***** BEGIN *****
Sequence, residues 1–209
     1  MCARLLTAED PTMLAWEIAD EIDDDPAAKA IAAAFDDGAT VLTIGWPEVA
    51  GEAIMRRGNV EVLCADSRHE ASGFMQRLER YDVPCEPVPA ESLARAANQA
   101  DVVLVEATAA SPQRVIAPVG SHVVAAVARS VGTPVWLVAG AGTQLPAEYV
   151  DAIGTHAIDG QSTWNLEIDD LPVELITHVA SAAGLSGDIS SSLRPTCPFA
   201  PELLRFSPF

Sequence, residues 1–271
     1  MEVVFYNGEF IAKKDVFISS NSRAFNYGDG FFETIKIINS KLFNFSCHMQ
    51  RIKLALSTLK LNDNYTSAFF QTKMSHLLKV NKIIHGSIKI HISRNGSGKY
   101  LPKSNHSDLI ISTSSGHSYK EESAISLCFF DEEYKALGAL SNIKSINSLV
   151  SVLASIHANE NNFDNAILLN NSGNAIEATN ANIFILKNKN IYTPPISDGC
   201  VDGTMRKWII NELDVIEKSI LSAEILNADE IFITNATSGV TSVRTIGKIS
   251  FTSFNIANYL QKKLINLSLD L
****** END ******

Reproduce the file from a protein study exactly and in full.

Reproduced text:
Sequence, residues 1–209
     1  MCARLLTAED PTMLAWEIAD EIDDDPAAKA IAAAFDDGAT VLTIGWPEVA
    51  GEAIMRRGNV EVLCADSRHE ASGFMQRLER YDVPCEPVPA ESLARAANQA
   101  DVVLVEATAA SPQRVIAPVG SHVVAAVARS VGTPVWLVAG AGTQLPAEYV
   151  DAIGTHAIDG QSTWNLEIDD LPVELITHVA SAAGLSGDIS SSLRPTCPFA
   201  PELLRFSPF

Sequence, residues 1–271
     1  MEVVFYNGEF IAKKDVFISS NSRAFNYGDG FFETIKIINS KLFNFSCHMQ
    51  RIKLALSTLK LNDNYTSAFF QTKMSHLLKV NKIIHGSIKI HISRNGSGKY
   101  LPKSNHSDLI ISTSSGHSYK EESAISLCFF DEEYKALGAL SNIKSINSLV
   151  SVLASIHANE NNFDNAILLN NSGNAIEATN ANIFILKNKN IYTPPISDGC
   201  VDGTMRKWII NELDVIEKSI LSAEILNADE IFITNATSGV TSVRTIGKIS
   251  FTSFNIANYL QKKLINLSLD L